You’re not going to get to the end of all three difficulty levels in a weekend so you’re pretty much committed to purchasing this game. However, if you’re not sure that you have what it takes, rent this game for a day or two and if you don’t get past the fourth level, then do yourself a favor, return it and buy yourself an Archie comic.

Ultimate Ghosts 'n Goblins screenshot


  • New 3-D characters and environments enrich the side-scrolling adventure!
  • New weapons, magic and armor help Arthur overcome difficult challenges
  • New and improved moves for the heroic Arthur
  • Double-jump in mid-air, grab onto ledges and much more
  • New save feature allows gamers to revisit cleared stages at anytime
  • New level-up system for more powerful abilities and attacks
  • New difficulty settings that provide their own unique challenges for every gamer: Novice – An easier mode for those not familiar with the series. Standard – The default setting for those wanting a challenge Ultimate – A setting reminiscent of past Ghosts’N Goblin titles
  • Extra lives mean starting where players left off and not at check points
  • Expansive environments – Five main stages, each with multiple sub-missions, hidden paths and bosses to conquer.

    Rating out of 5 Rating Description


    Looking very much like the original arcade game, this is an old-school, 2D, side-scroller. Not exceptionally pretty.


    Arthur moves like he’s on valium and vodka, but he’s got some new weapons and moves to spice things up a little.


    Music / Sound FX / Voice Acting
    If you like the old-school graphics, then you’ll like the old-school sounds. Thankfully the music is not as repetitive as it could be.


    Play Value
    The replay value will come in when you have to “re-play” the levels over and over and over and over…


    Overall Rating Good
    Not an average. See Rating legend above for a final score breakdown.
  • Ultimate Ghosts ‘n Goblins Preview

    Sir Arthur returns with new some moves and some new tricks. by Vaughn Smith

    >The original arcade version of Ghosts & Goblins is still one mean S.O.B. It ate quarters like Grimace eats Quarter Pounders and Capcom didn’t go out of their way to make the NES console version any easier. In fact, the series certainly isn’t known for it’s coddling that’s for sure, and that includes not only the original G&G, but the sequel Ghouls and Ghosts, Super Ghouls & Ghosts (SNES) and the Maximo series on PS2.

    If the Ghosts & Goblins / Ghouls & Ghosts / Maximo series are known for anything, it’s the insane level of difficulty that would have seemingly normal gamers hurling their controllers in manic fits of impromptu rage. Enter Ultimate Ghosts & Goblins on the PSP and heed this warning now – the PSP IS your controller so don’t throw it! I learned how to fix my NES and Genesis controllers thanks mostly in part to the frustration factor of the G&G games, and yet, I couldn’t stop playing them.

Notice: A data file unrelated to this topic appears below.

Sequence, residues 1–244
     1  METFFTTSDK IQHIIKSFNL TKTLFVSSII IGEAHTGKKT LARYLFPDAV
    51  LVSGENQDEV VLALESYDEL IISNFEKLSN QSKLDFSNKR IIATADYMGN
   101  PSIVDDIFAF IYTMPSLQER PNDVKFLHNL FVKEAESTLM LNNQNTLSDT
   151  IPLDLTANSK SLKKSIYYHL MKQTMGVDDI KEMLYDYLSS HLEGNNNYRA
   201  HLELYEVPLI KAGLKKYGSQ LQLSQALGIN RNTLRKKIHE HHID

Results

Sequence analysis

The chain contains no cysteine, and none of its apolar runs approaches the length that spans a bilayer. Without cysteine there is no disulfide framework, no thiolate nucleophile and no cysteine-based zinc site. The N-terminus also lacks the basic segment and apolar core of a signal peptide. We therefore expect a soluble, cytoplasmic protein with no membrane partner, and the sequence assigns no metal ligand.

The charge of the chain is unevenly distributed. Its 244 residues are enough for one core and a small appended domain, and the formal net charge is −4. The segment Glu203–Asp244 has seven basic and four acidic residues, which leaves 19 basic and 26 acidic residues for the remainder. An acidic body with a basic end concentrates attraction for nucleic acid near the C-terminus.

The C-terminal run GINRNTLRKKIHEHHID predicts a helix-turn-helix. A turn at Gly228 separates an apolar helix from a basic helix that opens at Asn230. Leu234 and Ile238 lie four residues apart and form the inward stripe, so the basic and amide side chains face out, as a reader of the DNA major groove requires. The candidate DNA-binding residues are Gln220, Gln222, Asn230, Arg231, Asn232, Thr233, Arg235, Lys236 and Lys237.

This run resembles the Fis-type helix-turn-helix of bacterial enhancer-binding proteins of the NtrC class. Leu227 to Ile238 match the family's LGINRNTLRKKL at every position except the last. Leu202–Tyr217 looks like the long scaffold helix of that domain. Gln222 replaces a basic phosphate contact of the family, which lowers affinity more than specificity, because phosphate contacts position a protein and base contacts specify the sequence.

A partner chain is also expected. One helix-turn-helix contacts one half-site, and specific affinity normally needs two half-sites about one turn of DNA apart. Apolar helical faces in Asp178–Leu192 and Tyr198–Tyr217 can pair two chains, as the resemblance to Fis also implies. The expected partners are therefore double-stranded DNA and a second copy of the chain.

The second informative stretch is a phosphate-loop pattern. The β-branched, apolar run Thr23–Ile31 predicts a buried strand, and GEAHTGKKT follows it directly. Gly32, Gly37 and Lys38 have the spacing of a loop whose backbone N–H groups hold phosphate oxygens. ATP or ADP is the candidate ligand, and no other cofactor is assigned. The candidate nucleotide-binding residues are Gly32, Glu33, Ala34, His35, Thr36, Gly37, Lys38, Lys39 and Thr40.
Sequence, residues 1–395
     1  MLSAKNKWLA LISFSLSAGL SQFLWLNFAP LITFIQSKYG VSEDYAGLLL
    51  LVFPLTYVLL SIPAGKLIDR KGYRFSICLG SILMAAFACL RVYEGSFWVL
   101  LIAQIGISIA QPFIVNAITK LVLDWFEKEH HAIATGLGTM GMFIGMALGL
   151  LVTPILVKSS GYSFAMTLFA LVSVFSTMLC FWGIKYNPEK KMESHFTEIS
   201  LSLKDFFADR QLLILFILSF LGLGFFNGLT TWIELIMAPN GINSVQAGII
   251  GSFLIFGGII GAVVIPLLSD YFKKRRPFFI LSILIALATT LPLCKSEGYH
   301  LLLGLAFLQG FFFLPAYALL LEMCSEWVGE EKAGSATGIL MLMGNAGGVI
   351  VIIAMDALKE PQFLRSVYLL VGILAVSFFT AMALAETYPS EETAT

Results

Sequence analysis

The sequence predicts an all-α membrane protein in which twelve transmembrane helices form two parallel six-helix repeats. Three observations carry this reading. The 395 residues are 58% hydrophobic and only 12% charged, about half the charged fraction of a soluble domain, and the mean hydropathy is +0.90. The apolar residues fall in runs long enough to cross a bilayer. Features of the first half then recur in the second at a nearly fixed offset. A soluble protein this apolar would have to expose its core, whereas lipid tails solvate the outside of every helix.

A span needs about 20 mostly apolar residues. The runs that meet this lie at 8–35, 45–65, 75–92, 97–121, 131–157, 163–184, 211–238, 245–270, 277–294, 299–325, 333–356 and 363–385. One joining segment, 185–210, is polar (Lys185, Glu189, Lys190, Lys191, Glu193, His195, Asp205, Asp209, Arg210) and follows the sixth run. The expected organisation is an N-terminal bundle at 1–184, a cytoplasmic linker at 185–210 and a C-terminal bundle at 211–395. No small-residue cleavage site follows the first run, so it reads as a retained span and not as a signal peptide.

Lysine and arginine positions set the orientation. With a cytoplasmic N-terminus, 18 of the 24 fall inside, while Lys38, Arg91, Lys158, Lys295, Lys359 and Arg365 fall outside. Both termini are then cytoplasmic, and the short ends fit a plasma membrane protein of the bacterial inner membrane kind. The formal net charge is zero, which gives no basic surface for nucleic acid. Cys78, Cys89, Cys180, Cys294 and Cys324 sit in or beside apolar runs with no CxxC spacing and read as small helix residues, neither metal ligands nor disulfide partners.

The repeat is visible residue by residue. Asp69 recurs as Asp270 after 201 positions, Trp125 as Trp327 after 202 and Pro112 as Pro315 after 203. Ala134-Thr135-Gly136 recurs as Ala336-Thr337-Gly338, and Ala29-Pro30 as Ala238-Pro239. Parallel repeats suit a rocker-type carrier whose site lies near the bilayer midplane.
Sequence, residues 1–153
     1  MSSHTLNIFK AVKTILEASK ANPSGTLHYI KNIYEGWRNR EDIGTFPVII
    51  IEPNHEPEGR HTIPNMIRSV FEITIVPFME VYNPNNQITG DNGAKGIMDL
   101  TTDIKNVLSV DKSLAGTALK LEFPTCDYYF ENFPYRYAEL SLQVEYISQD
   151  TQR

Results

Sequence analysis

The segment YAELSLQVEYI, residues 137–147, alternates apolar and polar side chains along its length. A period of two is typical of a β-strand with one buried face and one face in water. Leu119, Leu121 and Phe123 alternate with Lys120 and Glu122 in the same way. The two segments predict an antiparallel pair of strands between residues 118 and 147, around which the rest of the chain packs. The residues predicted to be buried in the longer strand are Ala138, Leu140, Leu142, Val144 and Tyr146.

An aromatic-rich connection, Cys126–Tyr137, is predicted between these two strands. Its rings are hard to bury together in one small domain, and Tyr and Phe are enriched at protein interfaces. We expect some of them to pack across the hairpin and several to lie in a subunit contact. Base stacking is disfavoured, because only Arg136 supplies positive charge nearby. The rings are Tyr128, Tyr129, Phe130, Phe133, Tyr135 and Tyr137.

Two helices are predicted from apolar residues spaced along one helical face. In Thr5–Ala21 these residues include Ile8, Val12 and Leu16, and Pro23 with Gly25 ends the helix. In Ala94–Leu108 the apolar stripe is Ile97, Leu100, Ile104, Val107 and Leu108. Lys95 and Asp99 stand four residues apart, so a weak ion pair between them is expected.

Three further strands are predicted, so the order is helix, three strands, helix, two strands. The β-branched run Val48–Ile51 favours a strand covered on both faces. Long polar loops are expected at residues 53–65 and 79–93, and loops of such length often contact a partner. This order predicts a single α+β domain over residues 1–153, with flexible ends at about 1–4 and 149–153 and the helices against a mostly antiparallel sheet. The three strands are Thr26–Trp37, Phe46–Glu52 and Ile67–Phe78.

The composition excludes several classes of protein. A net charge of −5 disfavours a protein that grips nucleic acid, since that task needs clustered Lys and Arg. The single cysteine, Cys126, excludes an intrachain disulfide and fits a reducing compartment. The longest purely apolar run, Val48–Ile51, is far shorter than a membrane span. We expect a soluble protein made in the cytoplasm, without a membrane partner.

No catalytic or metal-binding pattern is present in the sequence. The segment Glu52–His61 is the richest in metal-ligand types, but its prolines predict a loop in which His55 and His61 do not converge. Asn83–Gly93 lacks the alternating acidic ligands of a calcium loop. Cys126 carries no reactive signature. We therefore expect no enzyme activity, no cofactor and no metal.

If I didn’t know any better – and I don’t – I’d say Capcom and Sony are in cahoots. I mean, come on. It’s called “Ultimate”…do you think it’s going to be easy? People hucking their PSPs at the wall means the same people buying new PSPs. It’s all a cash grab. But that doesn’t mean that I won’t be first in line to play it. I’ve always had a special place in my heart for Sir Arthur.

    This new game, comprised of 3D polygons rather than old school sprites, but still taking place on a 2D side-scrolling plane promises to introduce new moves into Sir Arthur’s somewhat limited array of combat tricks. Capcom suggests that as gamers progress they will be able to double jump, fly and cast cool magic spells on enemies. As well, while previous games in the series have been linear affairs, Utlimate will be far more wide open with branching paths available at certain junctions and warp points which will allow backtracking so that you’ll be able to obtain items previously inaccesible the first time you went through. It’s also been revealed that gamers can save anywhere. Hmm…that might ruin the smashability factor.

    Capcom hasn’t decided on a North American release just yet, but you can bet your shiny gold suit or armor and your polka dot underwear that Sir Arthur will be bringing this battle to our continent sometime in fall 2006.